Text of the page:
Eventually, after a lot of bad starts, the Sioux and Dunbar come to understand one another a little better. Their conversations are facilitated by Stands With A Fist (Mary McDonnell), a white woman who was captured by the Sioux in her childhood and raised as one of them. Dunbar learns that the Sioux are waiting for the buffalo, and is only too happy when, awakened by the thunder of hooves in the night in one of Dances With Wolves’s most hauntingly realized scenes, to rush to his new friends and tell them the news. Despite his misgivings and sense of duty to the Army, as frequently expounded on in Costner’s narration, Dunbar realizes he’s going native. It doesn’t help that he’s falling in love with Stands With A First, nor that the Sioux has wholly embraced him as one of their own. But, there’s a new peril, far greater than the occasional Pawnee attacks, for Dunbar knows something that is nagging at his insides, and it is this: The White Man is coming. The days of the Sioux are counted.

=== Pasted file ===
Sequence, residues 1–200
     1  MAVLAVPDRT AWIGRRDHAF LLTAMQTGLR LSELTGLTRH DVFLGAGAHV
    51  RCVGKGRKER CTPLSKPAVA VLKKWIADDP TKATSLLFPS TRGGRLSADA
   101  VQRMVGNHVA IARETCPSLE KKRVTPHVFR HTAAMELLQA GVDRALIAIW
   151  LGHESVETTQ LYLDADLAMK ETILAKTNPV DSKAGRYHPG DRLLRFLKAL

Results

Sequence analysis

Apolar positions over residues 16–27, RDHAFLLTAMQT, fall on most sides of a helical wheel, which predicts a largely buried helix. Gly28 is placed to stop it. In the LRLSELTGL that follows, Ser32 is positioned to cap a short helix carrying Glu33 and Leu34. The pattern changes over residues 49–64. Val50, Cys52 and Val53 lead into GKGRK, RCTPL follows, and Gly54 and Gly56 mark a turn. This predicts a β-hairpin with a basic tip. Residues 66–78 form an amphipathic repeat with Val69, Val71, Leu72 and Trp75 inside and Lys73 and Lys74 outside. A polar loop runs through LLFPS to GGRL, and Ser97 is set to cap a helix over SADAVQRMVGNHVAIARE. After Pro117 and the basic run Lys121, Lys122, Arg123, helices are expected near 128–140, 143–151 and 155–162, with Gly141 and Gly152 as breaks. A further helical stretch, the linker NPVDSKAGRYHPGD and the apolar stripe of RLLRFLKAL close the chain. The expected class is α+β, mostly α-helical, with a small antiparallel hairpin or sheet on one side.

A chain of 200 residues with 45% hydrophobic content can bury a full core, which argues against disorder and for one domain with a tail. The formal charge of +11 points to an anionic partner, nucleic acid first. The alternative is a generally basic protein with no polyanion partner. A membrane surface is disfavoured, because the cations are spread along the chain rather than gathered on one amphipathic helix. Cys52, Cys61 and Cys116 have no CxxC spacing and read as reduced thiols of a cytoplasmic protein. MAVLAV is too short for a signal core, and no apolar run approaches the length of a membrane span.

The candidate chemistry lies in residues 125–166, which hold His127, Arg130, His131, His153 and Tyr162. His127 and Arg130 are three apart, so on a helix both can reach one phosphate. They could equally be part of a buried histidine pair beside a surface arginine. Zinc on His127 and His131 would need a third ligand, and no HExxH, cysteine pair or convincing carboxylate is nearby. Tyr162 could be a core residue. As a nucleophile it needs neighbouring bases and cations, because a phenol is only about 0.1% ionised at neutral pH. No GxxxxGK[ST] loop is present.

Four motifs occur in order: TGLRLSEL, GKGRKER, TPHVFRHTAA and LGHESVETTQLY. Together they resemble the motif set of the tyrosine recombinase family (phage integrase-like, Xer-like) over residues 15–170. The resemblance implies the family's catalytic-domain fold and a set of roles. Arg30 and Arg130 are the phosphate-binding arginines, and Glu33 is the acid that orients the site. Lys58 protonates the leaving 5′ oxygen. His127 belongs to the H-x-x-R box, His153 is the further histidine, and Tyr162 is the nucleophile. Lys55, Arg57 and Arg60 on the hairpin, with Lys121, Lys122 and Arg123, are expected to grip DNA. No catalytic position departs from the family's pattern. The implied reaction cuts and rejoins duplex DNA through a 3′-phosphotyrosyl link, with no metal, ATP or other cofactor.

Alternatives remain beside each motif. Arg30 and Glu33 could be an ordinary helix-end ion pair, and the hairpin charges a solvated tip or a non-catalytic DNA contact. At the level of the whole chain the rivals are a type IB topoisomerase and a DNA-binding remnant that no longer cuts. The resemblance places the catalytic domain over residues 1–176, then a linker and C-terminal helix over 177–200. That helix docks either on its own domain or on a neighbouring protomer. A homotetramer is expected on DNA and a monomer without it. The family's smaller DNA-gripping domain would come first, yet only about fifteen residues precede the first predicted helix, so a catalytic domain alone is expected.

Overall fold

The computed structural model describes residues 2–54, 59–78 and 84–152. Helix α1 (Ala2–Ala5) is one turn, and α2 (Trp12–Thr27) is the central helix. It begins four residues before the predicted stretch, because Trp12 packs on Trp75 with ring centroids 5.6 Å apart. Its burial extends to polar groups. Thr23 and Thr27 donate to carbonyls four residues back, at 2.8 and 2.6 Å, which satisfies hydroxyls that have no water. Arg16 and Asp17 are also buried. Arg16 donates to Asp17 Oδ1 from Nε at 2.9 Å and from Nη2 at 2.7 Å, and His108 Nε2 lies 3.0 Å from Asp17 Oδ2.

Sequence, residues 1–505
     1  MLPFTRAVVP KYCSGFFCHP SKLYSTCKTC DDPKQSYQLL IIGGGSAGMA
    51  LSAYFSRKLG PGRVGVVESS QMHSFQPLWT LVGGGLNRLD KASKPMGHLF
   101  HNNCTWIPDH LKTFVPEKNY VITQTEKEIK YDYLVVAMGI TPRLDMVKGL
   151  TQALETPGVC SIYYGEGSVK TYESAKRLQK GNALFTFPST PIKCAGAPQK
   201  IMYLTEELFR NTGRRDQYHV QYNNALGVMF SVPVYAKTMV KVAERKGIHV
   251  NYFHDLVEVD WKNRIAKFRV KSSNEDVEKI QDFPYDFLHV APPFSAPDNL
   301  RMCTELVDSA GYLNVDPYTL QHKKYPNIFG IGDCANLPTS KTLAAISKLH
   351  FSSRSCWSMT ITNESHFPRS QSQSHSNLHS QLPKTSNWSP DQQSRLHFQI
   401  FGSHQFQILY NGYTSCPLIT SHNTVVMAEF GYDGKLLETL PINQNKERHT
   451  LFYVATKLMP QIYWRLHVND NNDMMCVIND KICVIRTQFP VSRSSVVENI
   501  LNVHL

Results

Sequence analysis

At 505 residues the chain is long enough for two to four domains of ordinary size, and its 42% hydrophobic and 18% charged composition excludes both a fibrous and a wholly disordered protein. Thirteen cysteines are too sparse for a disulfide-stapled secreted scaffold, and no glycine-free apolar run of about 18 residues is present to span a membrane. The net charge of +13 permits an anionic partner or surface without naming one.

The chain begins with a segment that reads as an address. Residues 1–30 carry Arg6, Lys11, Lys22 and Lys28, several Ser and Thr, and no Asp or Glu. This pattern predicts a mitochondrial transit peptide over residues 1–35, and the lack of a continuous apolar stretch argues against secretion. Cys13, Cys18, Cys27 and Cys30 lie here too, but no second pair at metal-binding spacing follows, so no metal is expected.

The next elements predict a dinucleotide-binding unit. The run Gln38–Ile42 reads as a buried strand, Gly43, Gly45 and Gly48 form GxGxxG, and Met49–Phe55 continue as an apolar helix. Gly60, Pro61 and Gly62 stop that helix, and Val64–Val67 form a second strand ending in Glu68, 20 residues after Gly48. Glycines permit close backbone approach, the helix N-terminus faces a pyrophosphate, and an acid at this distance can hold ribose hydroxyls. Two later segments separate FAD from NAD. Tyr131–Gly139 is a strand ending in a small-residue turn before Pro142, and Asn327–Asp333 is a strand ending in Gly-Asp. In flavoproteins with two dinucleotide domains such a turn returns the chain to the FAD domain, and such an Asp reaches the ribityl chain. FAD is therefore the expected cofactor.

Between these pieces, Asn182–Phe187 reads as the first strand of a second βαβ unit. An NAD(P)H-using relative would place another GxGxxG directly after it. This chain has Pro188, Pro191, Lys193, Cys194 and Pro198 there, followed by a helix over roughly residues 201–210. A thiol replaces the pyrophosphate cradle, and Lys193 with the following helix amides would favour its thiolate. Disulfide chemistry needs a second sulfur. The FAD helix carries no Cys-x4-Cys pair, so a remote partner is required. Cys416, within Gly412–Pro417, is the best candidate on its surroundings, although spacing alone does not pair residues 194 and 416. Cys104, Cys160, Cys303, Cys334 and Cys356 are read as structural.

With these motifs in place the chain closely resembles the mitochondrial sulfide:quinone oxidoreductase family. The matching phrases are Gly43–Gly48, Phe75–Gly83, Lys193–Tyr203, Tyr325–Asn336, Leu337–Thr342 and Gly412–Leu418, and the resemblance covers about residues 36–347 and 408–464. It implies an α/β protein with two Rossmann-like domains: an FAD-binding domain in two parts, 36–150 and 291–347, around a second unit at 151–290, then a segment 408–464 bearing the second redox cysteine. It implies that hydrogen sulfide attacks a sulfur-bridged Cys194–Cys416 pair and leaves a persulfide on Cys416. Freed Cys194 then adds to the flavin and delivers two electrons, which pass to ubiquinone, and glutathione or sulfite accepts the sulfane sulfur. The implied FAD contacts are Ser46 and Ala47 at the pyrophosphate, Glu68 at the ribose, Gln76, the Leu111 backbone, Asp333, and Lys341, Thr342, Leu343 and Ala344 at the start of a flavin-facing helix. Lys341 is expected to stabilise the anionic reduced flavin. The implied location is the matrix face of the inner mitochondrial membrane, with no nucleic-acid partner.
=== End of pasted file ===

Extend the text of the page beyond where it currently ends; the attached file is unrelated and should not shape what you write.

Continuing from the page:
Dances With Wolves is really a remarkable movie. The destruction of the Native Americans’ livelihoods, and the forced displacement of all those who weren’t killed when they resisted the encroachment of settlers and soldiers on their ancestral lands, is a dark, shameful mark in American history. One can certainly argue it was inevitable, and that’s what lends this movie a mournful, heartbreaking quality. It brings the story of the Sioux and and all Native Americans out of the dusty pages of history books and onto the big screen. Bravo, Kevin Costner. But at the same time, I feel strangely uneasy about expressing my love for the movie. I have to wonder whether the Academy of Motion Pictures and Sciences, in showering Dances With Wolves with little golden statuettes, did so because they felt guilty, deep inside (and they loved the fact that Kevin Costner, a handsome Hollywoodian, was the one responsible for it). I have to wonder whether I think Dances With Wolves is a beautiful movie because I feel guilty, deep inside. I most probably do. I do know is that we all have a collective guilt inside of us, regarding the fate of the Native Americans in this country, that will never go away. We all want to see a movie where Native Americans, strong and fierce, hunt the buffalo, whooping and hollering, to admire and gaze at them, to cheer when they beat back the brutish, despicable U.S. soldiers. We want to soberly reflect as the film ends. We want to shake our heads and say, “Wow.” Dances With Wolves makes us all feel a little better inside. But is it for the good reasons?